Big=fast Most people keep less than 80 GB of data, including the operating system and their applications, on their hard drive. So why should they buy a 500 GB, 1 or even 2 TB hard drive?
One simple reason: speed. That big hard drive will give you this snappiest performance this side of a solid-state disk.
For many applications, even faster than a costly SSD. For a lot less money.
Big circles, little circles Data is laid on disks in blocks called sectors. The sectors are laid down in circular tracks.
Disk engineers saw a long time ago that they could put more sectors on the outside of a disk than on the inside. As the head gets closer to the center of the disk, there are fewer sectors - and your data rate slows down.
How much? The innermost track will commonly have only ~45% of the speed of the outermost track.
But that's not all Bigger hard drives have another advantage: higher bit density. So for the same RPM, more bits come out.
The difference is substantial. A 3.5" 500 GB drive might max out at 80 MB/sec, while a 1 TB drive will reach 100 MB/sec. The new 2 TB drives can reach 140 MB/sec.
1 more thing Not only do big drives deliver more bandwidth, they also deliver more I/Os per second (IOPS). On a half full drive the head will never have to move across the entire platter to access data, cutting seek times - all else being equal - in half.
Big million dollar enterprise RAID arrays stuffed with 15k drives frequently short stroke their already-fast drives to make them even faster. It works on home systems too.
What about SSDs? Flash-based solid state disks (SSD) excel at random reads - which is why they boot up a system so much faster than a hard drive. But due to the housekeeping needed to make an SSD look like a hard drive their write performance isn't nearly as stellar.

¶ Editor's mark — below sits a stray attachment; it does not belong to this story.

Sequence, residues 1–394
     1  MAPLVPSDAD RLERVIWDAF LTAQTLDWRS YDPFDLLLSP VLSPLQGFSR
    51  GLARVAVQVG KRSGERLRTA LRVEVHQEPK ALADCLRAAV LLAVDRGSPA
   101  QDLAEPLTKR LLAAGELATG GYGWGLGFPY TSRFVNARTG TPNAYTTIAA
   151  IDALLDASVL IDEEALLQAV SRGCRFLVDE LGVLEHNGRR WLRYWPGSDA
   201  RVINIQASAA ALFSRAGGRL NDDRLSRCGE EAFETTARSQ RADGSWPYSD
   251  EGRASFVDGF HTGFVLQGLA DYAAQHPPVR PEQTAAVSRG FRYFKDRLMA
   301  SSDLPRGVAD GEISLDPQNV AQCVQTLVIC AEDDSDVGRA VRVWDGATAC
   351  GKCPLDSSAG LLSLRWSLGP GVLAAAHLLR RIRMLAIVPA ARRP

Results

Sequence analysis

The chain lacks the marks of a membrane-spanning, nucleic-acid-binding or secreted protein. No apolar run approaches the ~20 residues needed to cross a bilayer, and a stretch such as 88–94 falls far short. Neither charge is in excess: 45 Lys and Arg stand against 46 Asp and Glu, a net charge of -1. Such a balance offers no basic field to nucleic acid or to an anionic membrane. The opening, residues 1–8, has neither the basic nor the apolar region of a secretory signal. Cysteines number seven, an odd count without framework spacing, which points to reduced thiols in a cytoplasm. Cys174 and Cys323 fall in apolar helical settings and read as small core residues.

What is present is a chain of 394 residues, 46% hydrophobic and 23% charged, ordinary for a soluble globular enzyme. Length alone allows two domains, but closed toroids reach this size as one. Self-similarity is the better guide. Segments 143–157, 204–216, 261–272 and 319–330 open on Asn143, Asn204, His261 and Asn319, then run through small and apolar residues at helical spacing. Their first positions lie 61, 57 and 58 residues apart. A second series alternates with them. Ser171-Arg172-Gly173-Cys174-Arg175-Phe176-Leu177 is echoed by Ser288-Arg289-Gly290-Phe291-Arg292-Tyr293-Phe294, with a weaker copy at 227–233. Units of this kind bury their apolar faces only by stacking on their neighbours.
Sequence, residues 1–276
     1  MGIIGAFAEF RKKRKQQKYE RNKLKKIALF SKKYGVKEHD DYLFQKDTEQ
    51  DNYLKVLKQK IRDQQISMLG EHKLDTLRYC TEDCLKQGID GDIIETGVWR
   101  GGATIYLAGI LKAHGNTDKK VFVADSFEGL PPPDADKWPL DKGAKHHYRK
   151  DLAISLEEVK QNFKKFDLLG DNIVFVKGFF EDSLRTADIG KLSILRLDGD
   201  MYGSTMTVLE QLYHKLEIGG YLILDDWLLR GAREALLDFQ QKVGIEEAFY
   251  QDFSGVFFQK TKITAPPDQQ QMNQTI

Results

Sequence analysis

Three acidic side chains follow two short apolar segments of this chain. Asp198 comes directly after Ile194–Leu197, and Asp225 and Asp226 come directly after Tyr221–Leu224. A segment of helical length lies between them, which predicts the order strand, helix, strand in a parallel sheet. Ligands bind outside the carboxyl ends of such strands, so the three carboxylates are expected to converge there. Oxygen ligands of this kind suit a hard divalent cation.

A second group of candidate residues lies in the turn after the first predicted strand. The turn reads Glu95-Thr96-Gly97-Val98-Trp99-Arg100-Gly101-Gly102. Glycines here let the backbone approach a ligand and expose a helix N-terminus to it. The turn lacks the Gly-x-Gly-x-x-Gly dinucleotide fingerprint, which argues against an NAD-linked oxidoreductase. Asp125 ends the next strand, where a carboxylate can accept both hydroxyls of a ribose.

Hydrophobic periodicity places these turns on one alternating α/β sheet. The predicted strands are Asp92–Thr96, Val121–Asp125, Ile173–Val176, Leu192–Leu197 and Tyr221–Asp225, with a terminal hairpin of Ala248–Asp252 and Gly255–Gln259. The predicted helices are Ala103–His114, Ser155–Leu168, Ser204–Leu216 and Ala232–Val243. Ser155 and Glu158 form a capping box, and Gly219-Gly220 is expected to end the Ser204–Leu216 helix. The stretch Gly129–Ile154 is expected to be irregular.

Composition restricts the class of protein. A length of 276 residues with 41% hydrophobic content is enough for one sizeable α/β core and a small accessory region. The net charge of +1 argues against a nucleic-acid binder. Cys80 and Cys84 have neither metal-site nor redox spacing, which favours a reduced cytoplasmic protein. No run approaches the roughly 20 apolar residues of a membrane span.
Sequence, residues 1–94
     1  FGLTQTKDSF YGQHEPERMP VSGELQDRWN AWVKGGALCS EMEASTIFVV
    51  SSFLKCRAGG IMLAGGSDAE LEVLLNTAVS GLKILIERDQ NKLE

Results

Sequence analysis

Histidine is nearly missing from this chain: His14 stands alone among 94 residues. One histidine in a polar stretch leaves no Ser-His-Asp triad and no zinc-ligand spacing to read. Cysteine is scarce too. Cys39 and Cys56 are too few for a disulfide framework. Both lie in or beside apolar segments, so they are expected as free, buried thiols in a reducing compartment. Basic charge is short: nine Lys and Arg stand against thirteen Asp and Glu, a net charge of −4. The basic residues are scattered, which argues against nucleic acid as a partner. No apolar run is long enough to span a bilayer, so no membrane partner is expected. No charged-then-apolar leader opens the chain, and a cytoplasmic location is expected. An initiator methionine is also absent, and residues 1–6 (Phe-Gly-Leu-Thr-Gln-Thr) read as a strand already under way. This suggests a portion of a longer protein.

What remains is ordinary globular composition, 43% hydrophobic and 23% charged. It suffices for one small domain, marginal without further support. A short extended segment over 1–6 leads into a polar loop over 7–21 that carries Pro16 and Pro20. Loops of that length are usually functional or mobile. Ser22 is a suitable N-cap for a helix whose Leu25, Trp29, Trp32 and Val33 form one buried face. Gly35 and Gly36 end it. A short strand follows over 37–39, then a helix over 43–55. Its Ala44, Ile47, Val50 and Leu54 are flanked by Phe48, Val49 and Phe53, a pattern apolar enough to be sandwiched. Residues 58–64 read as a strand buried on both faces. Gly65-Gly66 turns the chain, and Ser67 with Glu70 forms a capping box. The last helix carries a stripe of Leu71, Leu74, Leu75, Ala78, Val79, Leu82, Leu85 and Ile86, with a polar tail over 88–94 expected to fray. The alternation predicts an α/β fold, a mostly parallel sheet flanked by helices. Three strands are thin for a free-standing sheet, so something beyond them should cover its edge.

A state-of-the-consumer-art SSD, the 80 GB Intel X25-M G2, is spec'd (pdf) at 70 MB/sec for sustained sequential writes.
A 500 GB Seagate Momentus 7200 rpm notebook drive will average almost 80 MB/sec while offering 6x the capacity for a much lower cost.
If you work with large files - photography, music, video - you'll notice the difference over an SSD.
The Storage Bits take Installing a big hard drive is, after more RAM, the easiest performance upgrade most of us can make. Even if you don't need the capacity you'll appreciate a friskier computer.
Another benefit: after initial break-in, new hard drives tend to be much more reliable than a 3 year old drive. Faster, more reliable and cheaper than an SSD, a hard drive upgrade may be all you need to keep your system happy.
Courteous comments welcome, of course. For more on this topic see Hard disks do get slower with use.